A new study promises to rewrite the history of the red planet. According to a new research, our neighboring planet Mars might have been FAR MORE LIKELY to support life than we ever thought.

Everywhere on Earth where there’s water there’s life.

Scientists have recently discovered that the red planet was far ‘wetter’ than we ever imagined.

A new study simulated Martian meteorites in order for scientists to understand more about the ancient environment on the red planet. The finding suggests that everything we thought we knew about Mars is wrong.

The study published in the Journal Communications presents evidence that a mineral found inside of Martian metoerites—which had been considered as proof of an ancient dry environment on Mars—may have originally been a hydrogen-containing mineral that could indicate a more water-rich history for the Red Planet reports the Berkely Lab.

As scientists put it, water is considered one of the most important building blocks and requirements for life as we know it. And discover of water greatly improves chances that Mars was inhabited in the distant past.

Experts have also found that the material could help create phosphorus–one of the essential elements for life on Earth, and on Mars as scientists have found.

This changes EVERYTHING we thought we knew about Mars.

To make this unprecedented discovery, scientists built a synthetic version of a mineral dubbed as whitlockite. Scientists performed shock compression experiments on the samples, simulating the conditions of being tossed on meteorite from Mars. Afterward, the sample was studied with X-Rays to understand its microscopic composition.

Shock compression induces deformation, phase transformations and chemical reactions in meteorites.

Experts found that whitlockite could become dehydrated from the shocks and form merrillite—an element commonly found in meteorites thrown to Earth from Mars but doesn’t occur here naturally.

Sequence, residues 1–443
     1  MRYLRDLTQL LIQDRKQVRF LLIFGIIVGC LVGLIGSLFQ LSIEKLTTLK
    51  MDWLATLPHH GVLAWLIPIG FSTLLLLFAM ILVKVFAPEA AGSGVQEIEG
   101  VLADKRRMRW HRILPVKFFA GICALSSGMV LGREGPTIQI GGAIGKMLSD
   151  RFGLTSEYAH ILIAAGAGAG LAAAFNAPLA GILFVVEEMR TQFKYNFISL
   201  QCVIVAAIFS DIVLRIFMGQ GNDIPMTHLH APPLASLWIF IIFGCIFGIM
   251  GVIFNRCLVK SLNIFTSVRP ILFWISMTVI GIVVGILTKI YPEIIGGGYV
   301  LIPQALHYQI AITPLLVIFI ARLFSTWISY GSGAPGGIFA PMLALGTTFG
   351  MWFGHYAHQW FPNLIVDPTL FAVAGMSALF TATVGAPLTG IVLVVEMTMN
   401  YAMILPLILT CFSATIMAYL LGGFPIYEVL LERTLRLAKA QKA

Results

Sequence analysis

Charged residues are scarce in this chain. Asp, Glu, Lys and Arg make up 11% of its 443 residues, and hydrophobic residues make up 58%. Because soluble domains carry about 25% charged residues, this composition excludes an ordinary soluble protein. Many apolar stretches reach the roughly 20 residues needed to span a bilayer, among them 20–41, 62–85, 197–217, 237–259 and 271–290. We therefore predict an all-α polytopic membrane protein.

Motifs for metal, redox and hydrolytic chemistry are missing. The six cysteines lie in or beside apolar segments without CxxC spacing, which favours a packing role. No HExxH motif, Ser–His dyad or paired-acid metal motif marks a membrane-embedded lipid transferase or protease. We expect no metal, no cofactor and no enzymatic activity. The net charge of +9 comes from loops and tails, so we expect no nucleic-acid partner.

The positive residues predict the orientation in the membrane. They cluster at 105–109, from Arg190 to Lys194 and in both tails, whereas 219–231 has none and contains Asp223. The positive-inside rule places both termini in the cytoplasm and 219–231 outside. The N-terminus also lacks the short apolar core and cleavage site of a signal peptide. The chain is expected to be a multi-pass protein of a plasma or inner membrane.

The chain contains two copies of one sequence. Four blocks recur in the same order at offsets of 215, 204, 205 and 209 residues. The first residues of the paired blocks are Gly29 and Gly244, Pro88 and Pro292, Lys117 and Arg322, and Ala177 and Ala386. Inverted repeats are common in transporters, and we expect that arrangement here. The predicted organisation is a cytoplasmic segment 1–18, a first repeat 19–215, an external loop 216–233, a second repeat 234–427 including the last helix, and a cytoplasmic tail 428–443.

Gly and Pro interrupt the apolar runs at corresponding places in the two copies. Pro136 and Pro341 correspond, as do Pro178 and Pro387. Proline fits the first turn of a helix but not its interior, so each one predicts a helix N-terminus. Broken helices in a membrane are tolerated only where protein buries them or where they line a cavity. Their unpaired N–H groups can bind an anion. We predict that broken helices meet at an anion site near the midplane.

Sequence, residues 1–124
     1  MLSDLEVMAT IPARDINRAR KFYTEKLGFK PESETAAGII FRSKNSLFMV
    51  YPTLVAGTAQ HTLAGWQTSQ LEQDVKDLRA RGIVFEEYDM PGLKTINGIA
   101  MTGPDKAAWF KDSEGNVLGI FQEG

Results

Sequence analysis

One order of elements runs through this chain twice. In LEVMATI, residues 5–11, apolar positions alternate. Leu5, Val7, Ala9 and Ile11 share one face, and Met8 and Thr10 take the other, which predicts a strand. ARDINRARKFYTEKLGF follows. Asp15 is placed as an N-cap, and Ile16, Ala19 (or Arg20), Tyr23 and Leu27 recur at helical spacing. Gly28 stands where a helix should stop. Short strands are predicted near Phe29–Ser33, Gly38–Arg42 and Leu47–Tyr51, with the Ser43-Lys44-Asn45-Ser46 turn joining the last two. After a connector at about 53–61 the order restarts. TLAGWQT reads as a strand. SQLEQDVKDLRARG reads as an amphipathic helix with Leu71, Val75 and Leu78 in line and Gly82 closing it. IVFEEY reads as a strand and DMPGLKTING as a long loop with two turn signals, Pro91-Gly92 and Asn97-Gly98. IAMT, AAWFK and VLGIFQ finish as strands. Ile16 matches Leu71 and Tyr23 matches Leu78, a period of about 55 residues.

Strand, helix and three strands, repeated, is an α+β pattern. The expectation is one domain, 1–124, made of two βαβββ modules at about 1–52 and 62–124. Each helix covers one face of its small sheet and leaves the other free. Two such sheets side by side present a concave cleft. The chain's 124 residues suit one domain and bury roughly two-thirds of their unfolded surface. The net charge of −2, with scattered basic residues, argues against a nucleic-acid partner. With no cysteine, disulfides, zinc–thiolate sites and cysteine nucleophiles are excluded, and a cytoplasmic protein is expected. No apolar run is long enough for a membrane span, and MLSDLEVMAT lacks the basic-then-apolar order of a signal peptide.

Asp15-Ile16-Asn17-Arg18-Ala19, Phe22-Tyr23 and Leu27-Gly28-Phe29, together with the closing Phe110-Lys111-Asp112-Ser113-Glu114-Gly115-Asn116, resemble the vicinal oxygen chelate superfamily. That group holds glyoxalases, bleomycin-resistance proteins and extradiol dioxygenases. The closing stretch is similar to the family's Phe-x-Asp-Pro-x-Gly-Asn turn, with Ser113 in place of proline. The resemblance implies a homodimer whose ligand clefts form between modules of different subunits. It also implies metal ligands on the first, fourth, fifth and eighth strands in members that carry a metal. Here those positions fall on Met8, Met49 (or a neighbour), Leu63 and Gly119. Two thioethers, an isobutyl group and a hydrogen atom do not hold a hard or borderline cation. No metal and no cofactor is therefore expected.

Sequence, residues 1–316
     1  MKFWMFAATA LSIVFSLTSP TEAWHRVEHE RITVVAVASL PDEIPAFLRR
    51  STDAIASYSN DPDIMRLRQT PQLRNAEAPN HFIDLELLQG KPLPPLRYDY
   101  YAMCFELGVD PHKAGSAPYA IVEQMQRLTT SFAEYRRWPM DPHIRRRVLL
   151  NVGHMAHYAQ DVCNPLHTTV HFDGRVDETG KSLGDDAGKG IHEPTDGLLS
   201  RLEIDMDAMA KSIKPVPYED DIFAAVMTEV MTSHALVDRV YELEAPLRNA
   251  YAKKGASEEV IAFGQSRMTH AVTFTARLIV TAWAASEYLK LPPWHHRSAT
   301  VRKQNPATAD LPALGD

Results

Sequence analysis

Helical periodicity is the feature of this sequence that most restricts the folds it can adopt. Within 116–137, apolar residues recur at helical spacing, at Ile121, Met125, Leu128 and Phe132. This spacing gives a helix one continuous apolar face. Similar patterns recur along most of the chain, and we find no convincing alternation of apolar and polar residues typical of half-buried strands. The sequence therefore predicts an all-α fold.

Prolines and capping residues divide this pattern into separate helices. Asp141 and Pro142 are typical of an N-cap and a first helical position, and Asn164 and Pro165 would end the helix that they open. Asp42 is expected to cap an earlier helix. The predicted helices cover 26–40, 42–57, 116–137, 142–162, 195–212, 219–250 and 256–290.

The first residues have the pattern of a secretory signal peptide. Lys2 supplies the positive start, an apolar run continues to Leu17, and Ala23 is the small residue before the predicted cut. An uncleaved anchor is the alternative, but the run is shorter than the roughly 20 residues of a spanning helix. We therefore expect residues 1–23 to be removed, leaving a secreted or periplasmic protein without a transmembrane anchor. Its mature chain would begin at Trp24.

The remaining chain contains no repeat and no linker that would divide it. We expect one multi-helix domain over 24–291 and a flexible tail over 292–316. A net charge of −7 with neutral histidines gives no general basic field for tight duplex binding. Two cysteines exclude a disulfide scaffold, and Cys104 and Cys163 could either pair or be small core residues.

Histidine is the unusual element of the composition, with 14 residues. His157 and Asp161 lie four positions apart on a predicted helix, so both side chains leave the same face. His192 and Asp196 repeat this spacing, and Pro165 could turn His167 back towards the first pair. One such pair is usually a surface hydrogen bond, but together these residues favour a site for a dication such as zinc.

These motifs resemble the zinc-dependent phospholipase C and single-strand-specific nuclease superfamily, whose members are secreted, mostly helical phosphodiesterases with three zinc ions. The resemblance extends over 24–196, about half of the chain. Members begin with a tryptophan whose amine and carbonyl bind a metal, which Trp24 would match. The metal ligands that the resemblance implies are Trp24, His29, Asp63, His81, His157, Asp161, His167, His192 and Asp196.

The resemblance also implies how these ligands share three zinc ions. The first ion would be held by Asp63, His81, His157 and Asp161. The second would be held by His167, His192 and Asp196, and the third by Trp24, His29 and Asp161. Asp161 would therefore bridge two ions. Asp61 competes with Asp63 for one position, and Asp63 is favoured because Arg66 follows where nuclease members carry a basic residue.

“If even a part of merrillite had been whitlockite before, it changes the water budget of Mars dramatically,” said Oliver Tschauner, a professor who co-led the study with Christopher Adcock.

Martin Kunz, a staff scientist at Berkeley Lab’s ALS who participated in X-ray studies of the samples, said: “This is important for deducing how much water could have been on Mars, and whether the water was from Mars itself rather than comets or meteorites.”

Since whitlockite can be dissolved in water and has phosphorous, an essential element for life on Earth—and merrillite appears to be common to many Martian meteorites—the study could also have implications for the possibility of life on Mars.

“The overarching question here is about water on Mars and its early history on Mars: Had there ever been an environment that enabled a generation of life on Mars?” Tschauner said.

Recently, experts have found enough water ice beneath the Martian surface to fill Lake Superior, our planet’s largest freshwater reservoir. The deposit varies in thickness from about 80 to 170 meters, with a composition which is from 50% to 85% water ice. Experts analyzed part of the Utopia Planitia region in the mid-latitudes of the northern hemisphere of Mars with a radar instrument aboard the orbiter.